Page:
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The Reel Deal: Win, Place, or Show
Posted May 1, 2008 - May 2008 Issue Print Version     Page 1of 1

Here’s a question I hear all the time from wedding videographers: Are bridal shows effective? Can bridal shows really bring in the brides and, more importantly, the money?According to the Association For Wedding Professionals International (AFWPI), bridal shows in the U.S. draw 30% of the brides planning weddings, with more than 6,000 bridal shows occurring each year.

In the early years of my business, I participated in a few bridal shows to get my name out into the market. In fact, I met one bridal consultant at a bridal show who was just starting up his consulting business. More than 15 years later, we’re still working together. Keep in mind that making just one good contact while at the show can make the whole show worthwhile.

Before you get involved in doing a bridal show, you’ll want to find how long the organizer has been managing bridal shows. Ask how many brides (not overall attendees) are expected to attend. Also find out if the bride must pay to attend the show or if she gets in free (bridal shows that require brides to pay are more likely to attract high-end brides). Also ask how many videographers will be there.

Last year, after a decade or so of not doing bridal shows, I exhibited at two shows in the Chicago area. One show cost me $75 and was a bust. There were only a dozen brides, and I didn’t book a single wedding. I didn’t get any bride’s email addresses, either. It was a first-time show for the bridal consultant who produced it, and I was very disappointed in how she handled the event.

The second show was organized by a hotel with more than 50 booths on two floors. The only cost to exhibitors was that we had to donate something worth at least $50 to a raffle the hotel was holding. There were more than 100 brides in attendance, and we received email addresses and phone numbers for all the brides who had registered. I did book one wedding from the show, and I met a photographer with whom I started doing business shortly thereafter, so the show was definitely worthwhile for me.

Bridal show costs can vary greatly. Some are free, but spending $900 or more for a table is not unheard of. Regardless of how much you spend, keep a few things in mind if you plan to have a table at the show.Arrive early to set up your table. You need time to handle any last-minute mishaps that may occur. You want to have time for networking before the show starts. Have an eye-catching display and don’t forget an extension cord. Including tasty chocolates on your table is a good idea.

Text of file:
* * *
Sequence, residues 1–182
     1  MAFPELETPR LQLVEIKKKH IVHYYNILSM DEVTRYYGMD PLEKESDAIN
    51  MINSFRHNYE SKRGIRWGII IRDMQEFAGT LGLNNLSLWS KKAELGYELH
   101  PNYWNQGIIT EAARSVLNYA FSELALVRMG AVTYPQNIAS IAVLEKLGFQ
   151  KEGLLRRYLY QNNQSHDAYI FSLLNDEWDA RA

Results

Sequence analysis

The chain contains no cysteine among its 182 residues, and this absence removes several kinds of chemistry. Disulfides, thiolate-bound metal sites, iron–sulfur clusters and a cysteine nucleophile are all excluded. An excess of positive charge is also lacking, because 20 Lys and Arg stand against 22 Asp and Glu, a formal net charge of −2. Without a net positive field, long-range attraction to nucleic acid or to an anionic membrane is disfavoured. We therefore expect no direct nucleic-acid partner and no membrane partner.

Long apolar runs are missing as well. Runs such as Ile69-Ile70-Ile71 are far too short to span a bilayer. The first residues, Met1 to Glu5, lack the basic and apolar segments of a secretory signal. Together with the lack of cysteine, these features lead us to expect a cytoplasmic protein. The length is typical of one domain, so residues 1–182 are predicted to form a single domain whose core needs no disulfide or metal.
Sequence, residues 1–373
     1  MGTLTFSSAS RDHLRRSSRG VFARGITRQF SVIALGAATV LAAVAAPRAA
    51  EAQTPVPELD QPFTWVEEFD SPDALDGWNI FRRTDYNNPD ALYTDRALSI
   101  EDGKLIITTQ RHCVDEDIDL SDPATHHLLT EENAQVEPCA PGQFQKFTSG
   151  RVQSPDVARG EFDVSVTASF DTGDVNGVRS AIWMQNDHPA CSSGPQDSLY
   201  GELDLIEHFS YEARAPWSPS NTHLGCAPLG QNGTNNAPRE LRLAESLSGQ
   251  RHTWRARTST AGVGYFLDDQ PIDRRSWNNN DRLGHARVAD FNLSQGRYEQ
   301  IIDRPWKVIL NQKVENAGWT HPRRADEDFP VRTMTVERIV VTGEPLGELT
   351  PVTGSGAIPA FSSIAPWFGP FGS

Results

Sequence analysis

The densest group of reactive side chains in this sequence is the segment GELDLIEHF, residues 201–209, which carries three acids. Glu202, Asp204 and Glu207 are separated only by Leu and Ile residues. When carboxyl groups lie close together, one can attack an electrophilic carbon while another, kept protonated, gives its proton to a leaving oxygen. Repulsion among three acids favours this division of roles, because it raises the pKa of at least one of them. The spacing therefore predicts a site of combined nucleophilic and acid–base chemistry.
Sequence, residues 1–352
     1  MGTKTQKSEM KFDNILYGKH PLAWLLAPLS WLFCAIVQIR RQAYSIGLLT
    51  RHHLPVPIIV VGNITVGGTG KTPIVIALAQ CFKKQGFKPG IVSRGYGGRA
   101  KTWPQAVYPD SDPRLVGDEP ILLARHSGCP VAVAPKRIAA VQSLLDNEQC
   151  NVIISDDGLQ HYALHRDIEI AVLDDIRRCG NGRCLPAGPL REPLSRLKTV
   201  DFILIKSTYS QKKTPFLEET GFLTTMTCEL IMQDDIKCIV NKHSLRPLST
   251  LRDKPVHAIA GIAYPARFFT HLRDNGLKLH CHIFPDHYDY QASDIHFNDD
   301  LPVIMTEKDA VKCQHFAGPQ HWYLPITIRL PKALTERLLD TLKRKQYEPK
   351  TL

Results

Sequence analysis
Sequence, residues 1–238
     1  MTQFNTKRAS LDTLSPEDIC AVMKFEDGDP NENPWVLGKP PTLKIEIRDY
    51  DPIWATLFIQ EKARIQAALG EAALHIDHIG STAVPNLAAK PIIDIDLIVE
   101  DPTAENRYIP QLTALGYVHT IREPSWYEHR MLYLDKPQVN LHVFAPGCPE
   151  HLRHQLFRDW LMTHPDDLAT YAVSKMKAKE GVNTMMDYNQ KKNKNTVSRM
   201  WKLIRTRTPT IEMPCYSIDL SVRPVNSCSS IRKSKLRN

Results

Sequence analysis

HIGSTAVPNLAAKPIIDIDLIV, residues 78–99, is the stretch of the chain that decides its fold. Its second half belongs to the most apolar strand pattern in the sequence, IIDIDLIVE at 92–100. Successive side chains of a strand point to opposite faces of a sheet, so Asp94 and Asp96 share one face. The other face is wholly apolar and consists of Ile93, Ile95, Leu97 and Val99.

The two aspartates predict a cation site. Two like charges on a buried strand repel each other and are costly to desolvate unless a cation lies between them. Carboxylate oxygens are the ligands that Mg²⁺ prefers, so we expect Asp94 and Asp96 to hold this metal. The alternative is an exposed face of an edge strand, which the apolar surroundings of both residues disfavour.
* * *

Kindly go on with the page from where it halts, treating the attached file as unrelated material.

Stand in front of your display. Don’t put space between you and the bride. Stand in front of your booth and be the first to welcome people as they pass by. Put your people skills to good use—practice being an extrovert even if you aren’t one.

Have a giveaway. This helps you collect names and numbers that you can later follow up with (in case the bridal show doesn’t provide this information). If you have a big backlog, think twice before you give away a service that will take more of your time. A wedding planning book is a nice giveaway.

Have at least two people in your booth. You can’t possibly handle everything. You need someone to answer questions if you are tied up with a serious inquiry. Some videographers like to have previous brides sell for them. Dress professionally. It goes without saying, but at one show I saw a photographer sales associate dressed in sweats. Brides didn’t care and still stopped by her table (which she was standing behind), but sometimes, we videographers just have to work harder for the sale.

Show your best work. It’s best to show cinematic highlights as opposed to a full wedding. Put your video display high so people walking by can see it. Keep audio low enough that your neighbors can talk to their brides.In the February/March 2008 issue of ABC Dialogue (the Association of Bridal Consultants’ bimonthly magazine), wedding professionals were asked, "Do you participate in bridal shows? If so, what do you find beneficial from them and what do you do with the list of participants?" The survey revealed that bridal consultants have mixed feelings on bridal shows. Here are some of the responses:Jennifer Bednaraczyk of Old Bridge, N.J.-based Occasions by Design said, "I have participated in bridal shows but did not find them beneficial to find new clients; however, I do attend them now to see what vendors are in my area and what is out there and to research for my clients."

Kelly Daab of Dayton, Ohio-based Hand in Hand Bridal said, "I have participated in bridal shows. They are an excellent way as a new consultant to get to know the vendors, see what kind of ‘deals’ they offer, and collect information."

Diane Lansleen of Simi Valley, Calif.-based Emily Rose Papers said, "We do not participate in bridal shows. They have not provided a viable return on my investment."

Most vendors find that bridal shows are a bit of a gamble. Some days you get lucky, and some days you don’t. By utilizing some of the tips here, you can increase your odds of having a good show. Stay positive, be enthusiastic, and let your passion for wedding videography come through—there’s a good chance you will hit the jackpot!

Kris Malandruccolo (kris at elegantvideosbykris.com), an EventDV 25 honoree and 2007 WEVA Hall of Fame inductee, is the owner of Chicago-based Elegant Videos by Kris and Elegant Storybooks by Kris. She is a certified Master Wedding Vendor through the Association of Bridal Consultants, WEVA Public Relations Chair, an international speaker, and past-president of the Illinois Videographers Association.

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